Girls in Transition Study: Helping Girls Enter the Teenage Years (GT)
Recruitment status was: Active, not recruiting
|Depression Anxiety||Behavioral: Girls in Transition (GT) program Behavioral: Waitlist Control||Phase 1|
|Study Design:||Allocation: Randomized
Intervention Model: Parallel Assignment
Masking: Open Label
Primary Purpose: Prevention
|Official Title:||Girls in Transition Study: Helping Girls Enter the Teenage Years|
- Adolescents' coping strategies by self-report [ Time Frame: Measured at baseline and follow-ups approximately 6, 12, and 24 months after baseline ]
- Adolescents' depressive symptoms by self-report [ Time Frame: Measured at baseline and follow-ups approximately 6, 12, 16, and 24 months after baseline ]
- Adolescents' symptoms of anxiety by self-report [ Time Frame: Measured at baseline and follow-ups approximately 6, 12, 16, and 24 months after baseline ]
- Adolescents' feelings of hopelessness by self-report [ Time Frame: Measured at baseline and follow-ups approximately 6, 12, and 24 months after baseline ]
- Adolescents' perceptions of their physical appearance by self-report [ Time Frame: Measured at baseline and follow-ups approximately 6, 12, and 24 months after baseline ]
|Study Start Date:||October 2005|
|Estimated Study Completion Date:||June 2008|
|Estimated Primary Completion Date:||June 2008 (Final data collection date for primary outcome measure)|
Girls in Transition (GT) program
Behavioral: Girls in Transition (GT) program
In the 11-session after-school GT program, girls learn cognitive and behavioral skills related to intrapersonal, interpersonal, and social/contextual risk factors for depression.
Other Name: GT #1
Behavioral: Waitlist Control
Participants in the waitlist control group will complete the GT program during the third year of the study.
Other Name: GT #2
Gender differences in rates of depression emerge during adolescence. Although rates of depression increase for both boys and girls during adolescence, the increase is more dramatic for girls. By late adolescence, girls are twice as likely as boys to develop depression. Because the transition to adolescence has been identified as a period of increased risk for girls, preventive interventions targeting early adolescent girls may promote resilience and prevent depression. The Girls in Transition (GT) program is a group intervention for 6th through 8th grade girls and is designed to address risk factors that are specific to girls. This study evaluates the effectiveness of the GT intervention in promoting coping strategies, preventing symptoms of depression and anxiety, and providing benefits in other outcomes related to depression, such as self-image.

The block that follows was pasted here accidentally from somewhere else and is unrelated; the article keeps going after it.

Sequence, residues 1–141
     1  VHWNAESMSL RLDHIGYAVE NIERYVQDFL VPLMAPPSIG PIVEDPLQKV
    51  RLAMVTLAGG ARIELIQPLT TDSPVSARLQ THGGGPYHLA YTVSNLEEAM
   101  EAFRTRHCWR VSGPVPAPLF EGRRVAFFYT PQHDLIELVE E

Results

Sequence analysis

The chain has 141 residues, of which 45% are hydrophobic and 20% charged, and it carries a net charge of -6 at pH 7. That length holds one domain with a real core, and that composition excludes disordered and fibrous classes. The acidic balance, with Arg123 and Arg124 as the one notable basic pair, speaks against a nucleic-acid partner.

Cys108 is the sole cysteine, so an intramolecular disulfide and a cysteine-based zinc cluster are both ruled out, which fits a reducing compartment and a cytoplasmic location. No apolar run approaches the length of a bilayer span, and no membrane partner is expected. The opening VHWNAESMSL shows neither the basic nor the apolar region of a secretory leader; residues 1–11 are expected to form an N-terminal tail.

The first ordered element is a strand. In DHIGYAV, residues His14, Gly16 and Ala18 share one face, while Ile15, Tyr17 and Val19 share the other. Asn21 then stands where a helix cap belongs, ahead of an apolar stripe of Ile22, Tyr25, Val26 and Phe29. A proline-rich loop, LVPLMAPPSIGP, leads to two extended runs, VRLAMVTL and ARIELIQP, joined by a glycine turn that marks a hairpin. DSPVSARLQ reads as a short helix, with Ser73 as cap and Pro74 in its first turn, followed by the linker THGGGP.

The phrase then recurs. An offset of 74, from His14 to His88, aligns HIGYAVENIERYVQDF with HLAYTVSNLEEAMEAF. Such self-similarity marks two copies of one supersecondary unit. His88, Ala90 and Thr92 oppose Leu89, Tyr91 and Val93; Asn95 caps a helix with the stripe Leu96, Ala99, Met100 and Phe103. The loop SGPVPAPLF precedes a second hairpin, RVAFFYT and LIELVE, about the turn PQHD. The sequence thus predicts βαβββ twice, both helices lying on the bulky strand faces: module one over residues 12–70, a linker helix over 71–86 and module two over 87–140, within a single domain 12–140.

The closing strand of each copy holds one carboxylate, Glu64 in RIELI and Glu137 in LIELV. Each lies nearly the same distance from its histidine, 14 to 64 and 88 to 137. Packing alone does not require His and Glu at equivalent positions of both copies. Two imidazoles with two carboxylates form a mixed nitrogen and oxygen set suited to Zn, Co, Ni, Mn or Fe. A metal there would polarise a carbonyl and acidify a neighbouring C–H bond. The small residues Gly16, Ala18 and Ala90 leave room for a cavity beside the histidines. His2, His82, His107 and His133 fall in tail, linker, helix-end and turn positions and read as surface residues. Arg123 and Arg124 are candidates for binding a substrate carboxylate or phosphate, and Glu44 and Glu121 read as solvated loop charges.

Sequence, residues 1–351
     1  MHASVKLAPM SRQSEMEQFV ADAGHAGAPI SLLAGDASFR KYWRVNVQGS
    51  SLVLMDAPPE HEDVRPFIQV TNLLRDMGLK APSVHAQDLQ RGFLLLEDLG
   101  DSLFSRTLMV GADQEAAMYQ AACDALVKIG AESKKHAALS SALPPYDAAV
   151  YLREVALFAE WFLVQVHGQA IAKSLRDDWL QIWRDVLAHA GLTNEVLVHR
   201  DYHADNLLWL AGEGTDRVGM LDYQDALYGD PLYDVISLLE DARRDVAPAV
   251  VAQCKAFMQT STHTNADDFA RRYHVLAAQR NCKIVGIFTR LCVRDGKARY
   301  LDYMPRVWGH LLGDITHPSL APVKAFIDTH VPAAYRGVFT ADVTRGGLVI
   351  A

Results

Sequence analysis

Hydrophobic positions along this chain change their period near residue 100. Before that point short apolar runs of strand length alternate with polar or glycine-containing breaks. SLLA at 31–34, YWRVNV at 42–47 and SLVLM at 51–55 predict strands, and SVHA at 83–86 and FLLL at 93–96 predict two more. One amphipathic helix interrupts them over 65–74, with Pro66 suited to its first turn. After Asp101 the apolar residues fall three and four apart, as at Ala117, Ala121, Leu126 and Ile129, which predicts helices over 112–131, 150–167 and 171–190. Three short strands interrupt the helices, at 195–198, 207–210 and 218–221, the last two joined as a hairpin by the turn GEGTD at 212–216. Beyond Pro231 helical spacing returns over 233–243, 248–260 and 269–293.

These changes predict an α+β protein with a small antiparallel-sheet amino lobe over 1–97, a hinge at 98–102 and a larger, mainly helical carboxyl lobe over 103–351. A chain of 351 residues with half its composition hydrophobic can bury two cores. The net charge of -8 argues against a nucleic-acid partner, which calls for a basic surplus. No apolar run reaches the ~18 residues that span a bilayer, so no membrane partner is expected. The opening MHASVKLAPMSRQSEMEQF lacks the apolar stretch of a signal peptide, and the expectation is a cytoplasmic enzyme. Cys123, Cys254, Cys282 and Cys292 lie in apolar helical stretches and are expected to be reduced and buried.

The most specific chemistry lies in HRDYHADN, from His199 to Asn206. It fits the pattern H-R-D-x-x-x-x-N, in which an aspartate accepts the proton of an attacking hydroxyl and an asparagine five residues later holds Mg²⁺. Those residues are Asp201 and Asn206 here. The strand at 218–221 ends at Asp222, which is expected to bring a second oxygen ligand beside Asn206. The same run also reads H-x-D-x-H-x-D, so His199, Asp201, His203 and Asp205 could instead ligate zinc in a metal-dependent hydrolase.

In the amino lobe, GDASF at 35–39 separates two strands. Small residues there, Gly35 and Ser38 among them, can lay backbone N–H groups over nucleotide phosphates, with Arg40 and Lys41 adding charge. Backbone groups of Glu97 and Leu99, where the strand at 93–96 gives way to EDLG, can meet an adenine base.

Adolescents in this study will be assigned to one of two conditions: a group that will participate in the GT program in Spring 2006 (GT #1), or a waitlist control group that will participate in the GT program approximately two years later (GT #2). Students who participate in the program will attend eleven 90-minute after-school sessions led by the investigators. In the GT program, students learn cognitive-behavioral skills (such as strategies to cope with emotions and negative thinking) and problem-solving skills (such as assertiveness), and they discuss societal messages about women's appearance and roles. Adolescent participants will complete questionnaires about coping strategies, self-image, and feelings of hopelessness, depression and anxiety at five points during the study: at the beginning of the study (baseline) and at follow-ups approximately 6, 12, 16, and 24 months after baseline. In addition, students will complete an interview at baseline and then again 12 months later about experiences in which they have coped with stressful situations. Parents will complete a questionnaire about their child's life events at three assessment points (baseline and at follow-ups approximately 12 and 24 months after baseline).
Please refer to this study by its ClinicalTrials.gov identifier: NCT00641940
|United States, Pennsylvania|
|Swarthmore, Pennsylvania, United States, 19081|
|Principal Investigator:||Jane E. Gillham, Ph.D.||Swarthmore College|